Rachel – “Actually I do have a question for you”. The phrasing of the question is an acklowedgement that she knows I am expecting to leave. Her body language has informed me that she is sorry to interrupt me from leaving but her ‘want’ is stronger than her desire to be polite.
Rachel’s ‘Want’: To understand a concept so that she can intelligently teach her students this week.
Matt – “What’s up?” The phrasing of my response is open without committing to an unnecessary conversation. By moving my hand off the door my body language shows that I’m open and listening.
My ‘Want’: To leave. Or more specifically… to go home, eat lunch with my wife, jump on the trampoline with my son and play dolls with my daughter.
Rachel then goes on to ask me just the right question and what happens? I get so excited that my ‘want’ to leave the studio is overpowered by the desire for my teacher to understand a concept. I still have a ‘want’ it has just shifted. Notice the next move… the emotion of excitement caused me to move and therefore I silently turned to place the water, keys and coffee down on the sofa. This non-verbal behavioral movement indicated for Rachel that I was interested and she had my full attention. I was excited to help her. It’s important to recognize that I didn’t jump up and down screaming and yet I was excited. Excited enough to forget about going home completely. And all this happens instinctually without thinking. Life is Acting. Acting is Life. We as actors are simply trying to recreate truthful moments under imaginary circumstances. You don’t need a huge character choice or to over emote in life if you trust the other person is perceptive enough to pick up on your point of view. Therefore those choices are unnecessary in acting as well, as long as the actors are Listening. In this life scenario we were each sensitive to each other’s ‘wants’ and listened to the subtext under the dialogue to create our conversation. Of course we have acquired this skill in our studio through daily training, we do not take Listening for granted.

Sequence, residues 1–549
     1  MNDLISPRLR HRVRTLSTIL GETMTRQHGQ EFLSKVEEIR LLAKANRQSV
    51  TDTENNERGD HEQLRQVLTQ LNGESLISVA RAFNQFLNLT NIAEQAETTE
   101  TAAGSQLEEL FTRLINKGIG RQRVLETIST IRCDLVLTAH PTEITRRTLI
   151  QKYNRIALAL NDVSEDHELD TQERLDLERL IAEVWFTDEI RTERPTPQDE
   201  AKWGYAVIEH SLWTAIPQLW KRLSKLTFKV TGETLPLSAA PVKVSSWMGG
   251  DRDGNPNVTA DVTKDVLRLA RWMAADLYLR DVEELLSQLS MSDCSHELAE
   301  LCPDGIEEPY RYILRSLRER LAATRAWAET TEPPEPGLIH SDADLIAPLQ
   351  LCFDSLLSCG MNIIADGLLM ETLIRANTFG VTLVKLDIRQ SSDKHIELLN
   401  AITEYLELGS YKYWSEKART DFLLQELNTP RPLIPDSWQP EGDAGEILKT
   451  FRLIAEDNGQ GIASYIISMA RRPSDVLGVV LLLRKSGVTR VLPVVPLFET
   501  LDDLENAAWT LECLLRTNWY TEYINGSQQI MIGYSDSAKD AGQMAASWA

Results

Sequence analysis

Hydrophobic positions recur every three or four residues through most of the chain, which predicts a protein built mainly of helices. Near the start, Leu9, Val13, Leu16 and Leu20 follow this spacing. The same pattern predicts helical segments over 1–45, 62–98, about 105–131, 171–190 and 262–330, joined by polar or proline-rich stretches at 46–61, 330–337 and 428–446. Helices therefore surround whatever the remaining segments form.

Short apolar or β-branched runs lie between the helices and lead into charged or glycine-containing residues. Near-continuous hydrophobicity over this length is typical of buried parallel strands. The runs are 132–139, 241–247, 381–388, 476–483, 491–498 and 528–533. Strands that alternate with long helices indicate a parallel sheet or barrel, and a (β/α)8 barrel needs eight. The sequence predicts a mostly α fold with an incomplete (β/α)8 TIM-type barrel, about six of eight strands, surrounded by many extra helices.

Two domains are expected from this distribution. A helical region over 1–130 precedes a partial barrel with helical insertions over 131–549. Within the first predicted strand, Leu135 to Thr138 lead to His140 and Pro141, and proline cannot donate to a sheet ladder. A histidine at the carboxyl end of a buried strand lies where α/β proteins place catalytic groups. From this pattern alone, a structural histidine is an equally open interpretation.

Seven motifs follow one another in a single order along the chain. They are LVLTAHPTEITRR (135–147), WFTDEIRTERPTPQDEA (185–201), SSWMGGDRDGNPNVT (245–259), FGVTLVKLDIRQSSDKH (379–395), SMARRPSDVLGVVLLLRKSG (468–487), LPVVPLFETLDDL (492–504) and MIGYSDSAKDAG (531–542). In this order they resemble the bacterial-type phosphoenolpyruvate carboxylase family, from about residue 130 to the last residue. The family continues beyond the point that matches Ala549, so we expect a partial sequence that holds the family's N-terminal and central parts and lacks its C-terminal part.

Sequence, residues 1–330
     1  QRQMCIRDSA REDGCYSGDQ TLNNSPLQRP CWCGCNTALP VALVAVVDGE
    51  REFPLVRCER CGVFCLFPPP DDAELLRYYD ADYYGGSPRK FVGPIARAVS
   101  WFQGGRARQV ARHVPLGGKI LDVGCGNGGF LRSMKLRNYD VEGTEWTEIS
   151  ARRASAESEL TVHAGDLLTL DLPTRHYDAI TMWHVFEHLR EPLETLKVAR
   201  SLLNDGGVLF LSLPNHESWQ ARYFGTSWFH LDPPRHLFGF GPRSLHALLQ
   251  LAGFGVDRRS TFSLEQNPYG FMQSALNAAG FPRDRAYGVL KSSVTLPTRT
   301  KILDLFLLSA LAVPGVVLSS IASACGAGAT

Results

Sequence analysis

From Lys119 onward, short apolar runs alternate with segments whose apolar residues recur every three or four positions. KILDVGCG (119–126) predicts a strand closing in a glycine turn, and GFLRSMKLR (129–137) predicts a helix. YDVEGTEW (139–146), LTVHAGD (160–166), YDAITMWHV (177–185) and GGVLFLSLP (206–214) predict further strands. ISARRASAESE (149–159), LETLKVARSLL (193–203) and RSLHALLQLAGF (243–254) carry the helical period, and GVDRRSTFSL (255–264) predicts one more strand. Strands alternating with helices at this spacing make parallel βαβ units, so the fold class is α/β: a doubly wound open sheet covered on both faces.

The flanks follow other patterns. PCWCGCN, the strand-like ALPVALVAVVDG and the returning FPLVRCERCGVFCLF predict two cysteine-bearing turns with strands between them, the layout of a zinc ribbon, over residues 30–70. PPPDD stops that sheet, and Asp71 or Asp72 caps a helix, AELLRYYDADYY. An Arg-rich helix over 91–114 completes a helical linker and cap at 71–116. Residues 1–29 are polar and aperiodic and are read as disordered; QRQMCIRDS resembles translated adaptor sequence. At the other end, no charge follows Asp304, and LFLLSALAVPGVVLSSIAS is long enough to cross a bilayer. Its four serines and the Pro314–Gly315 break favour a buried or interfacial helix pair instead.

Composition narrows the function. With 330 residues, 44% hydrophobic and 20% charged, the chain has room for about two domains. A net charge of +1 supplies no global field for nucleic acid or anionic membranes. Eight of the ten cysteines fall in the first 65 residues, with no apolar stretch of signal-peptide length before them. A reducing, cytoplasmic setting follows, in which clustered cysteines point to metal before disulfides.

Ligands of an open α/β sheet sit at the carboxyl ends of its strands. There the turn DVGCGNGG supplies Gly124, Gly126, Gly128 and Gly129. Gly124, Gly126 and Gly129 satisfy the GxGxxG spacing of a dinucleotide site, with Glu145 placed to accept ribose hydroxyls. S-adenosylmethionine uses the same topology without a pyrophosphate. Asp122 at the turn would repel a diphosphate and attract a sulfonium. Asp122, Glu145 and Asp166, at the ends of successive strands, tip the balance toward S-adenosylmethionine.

‘Wants’ Provide a Point of View and Add Subtext – Rachel nods in clear understanding but wants to know more about subtext. “Let’s use an imaginary example”.
I give the following scenario…